Spousal support is a common point of contention for many Arizona couples ending their marriages. However, this issue can only be seriously discussed once marital assets have been divided. It's this step that allows a fair determination of what type of financial assistance, if any, a lesser-earning spouse may need from their soon-to-be ex. Several factors are taken into consideration to figure out support-related issues.
Divorce is sometimes a time-consuming process, and divorce issues can bleed into other areas of one's life. To avoid this, Arizona residents might like to know about some tips for keeping divorce matters out of the office.
Couples in Arizona know that contempt in a marriage can lead to divorce. Other common traits that lead to marriages falling apart include stonewalling, criticism and sarcasm. There are many factors that can lead to a person developing these traits, including silent relationship killers that some marriage mates are not even aware of.
When Arizona couples decide to divorce, they may imagine that all major matters will be handled by the time the family court finalizes the end of their marriage. However, the divorce decree may be only the beginning of some of the most important practical steps to make the property division agreement a reality, as making an agreement does not complete the actual separation of assets.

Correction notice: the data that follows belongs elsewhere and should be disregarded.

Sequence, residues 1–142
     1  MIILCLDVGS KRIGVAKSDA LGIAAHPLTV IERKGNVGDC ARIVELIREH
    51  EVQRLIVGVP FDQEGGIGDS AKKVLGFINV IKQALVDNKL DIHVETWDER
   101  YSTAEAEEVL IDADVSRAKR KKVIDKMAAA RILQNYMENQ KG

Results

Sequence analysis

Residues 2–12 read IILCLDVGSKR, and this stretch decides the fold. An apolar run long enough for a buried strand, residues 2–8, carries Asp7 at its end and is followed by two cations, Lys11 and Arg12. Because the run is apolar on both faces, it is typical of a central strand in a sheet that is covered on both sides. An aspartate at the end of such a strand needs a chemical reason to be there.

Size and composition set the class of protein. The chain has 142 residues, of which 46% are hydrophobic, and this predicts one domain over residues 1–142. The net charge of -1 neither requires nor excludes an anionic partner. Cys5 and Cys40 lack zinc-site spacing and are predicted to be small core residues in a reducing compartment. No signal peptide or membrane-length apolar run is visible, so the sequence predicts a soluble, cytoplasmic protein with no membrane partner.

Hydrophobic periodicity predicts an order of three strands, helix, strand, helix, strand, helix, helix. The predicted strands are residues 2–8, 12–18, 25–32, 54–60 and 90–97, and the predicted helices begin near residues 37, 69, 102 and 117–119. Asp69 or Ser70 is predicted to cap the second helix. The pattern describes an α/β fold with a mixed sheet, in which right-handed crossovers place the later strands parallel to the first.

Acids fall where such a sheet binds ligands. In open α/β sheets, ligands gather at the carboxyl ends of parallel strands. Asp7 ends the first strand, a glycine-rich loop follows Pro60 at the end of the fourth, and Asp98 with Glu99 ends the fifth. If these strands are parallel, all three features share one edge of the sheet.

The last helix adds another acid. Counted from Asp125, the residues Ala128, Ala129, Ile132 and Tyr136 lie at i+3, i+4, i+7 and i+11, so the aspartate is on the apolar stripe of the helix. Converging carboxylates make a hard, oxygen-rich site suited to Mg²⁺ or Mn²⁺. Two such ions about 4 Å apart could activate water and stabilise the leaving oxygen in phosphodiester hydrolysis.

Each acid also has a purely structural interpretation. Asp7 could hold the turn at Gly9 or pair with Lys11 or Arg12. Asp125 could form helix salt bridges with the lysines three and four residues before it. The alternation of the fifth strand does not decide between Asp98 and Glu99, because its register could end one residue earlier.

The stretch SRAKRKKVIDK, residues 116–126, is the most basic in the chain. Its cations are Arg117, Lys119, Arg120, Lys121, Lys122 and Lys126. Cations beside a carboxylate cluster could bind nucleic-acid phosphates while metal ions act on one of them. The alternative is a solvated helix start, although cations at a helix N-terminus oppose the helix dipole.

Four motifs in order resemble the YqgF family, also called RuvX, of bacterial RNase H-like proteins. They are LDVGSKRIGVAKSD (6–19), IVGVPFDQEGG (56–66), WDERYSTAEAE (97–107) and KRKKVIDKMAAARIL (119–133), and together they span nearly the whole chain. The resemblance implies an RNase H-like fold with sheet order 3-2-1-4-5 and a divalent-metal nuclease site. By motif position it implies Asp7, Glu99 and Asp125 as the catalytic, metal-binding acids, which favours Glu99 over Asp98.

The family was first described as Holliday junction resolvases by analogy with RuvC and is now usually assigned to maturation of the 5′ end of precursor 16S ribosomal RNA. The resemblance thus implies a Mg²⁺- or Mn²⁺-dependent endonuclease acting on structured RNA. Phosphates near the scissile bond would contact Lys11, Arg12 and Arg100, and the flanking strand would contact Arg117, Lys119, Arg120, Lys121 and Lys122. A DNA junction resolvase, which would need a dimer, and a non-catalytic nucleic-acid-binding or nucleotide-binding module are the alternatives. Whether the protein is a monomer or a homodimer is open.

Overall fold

Technology is playing an increasingly important role in Arizona divorce cases. People who are planning to end their marriage may want to take some steps to separate their digital lives and to prevent problems that could arise because of their online presences.
When going through a divorce, most people in Arizona and elsewhere expect to eventually fight over money. Divorcing individuals, accountants and family law attorneys are accustomed to dealing with traditional investments, pensions, property and savings accounts. However, Bitcoin and other forms of cryptocurrency are changing the game when it comes time to divide assets during the divorce.
According to data from the Census Bureau's 2017 American Community Survey, Arizona has a marriage rate of 47.3 percent. This is slightly below the national average of 48.2 percent of residents aged 15 and older who are married. Population figures were gleaned using a five-year average that ended in 2017. The divorce rate nationally has fallen since 2000, but at the same time, the marriage rate has also fallen.
Some Arizona couples who are 50 or older may be among those whose divorce rates are increasing according to the Pew Research Center. The divorce rate for this age group is more than twice as high as it was in 1990, and Pew researchers believe this may be because there are more second or third marriages in this age range. They are more vulnerable to divorce than first marriages.
Arizona residents who are getting married for the second time may have a greater need for a prenuptial agreement. This is because they have retirement accounts, homes and other assets that may need to be protected. Individuals who have children from a previous marriage could also benefit from having a prenuptial agreement. In some cases, it allows couples to put themselves on equal financial footing.
When Arizona parents get a divorce, one concern they may have, even if their children are very young, is how to pay for their offspring's college education. Parents who hoped to send their children to an expensive private college may find that the costs associated with splitting into two households instead of maintaining one make that less likely.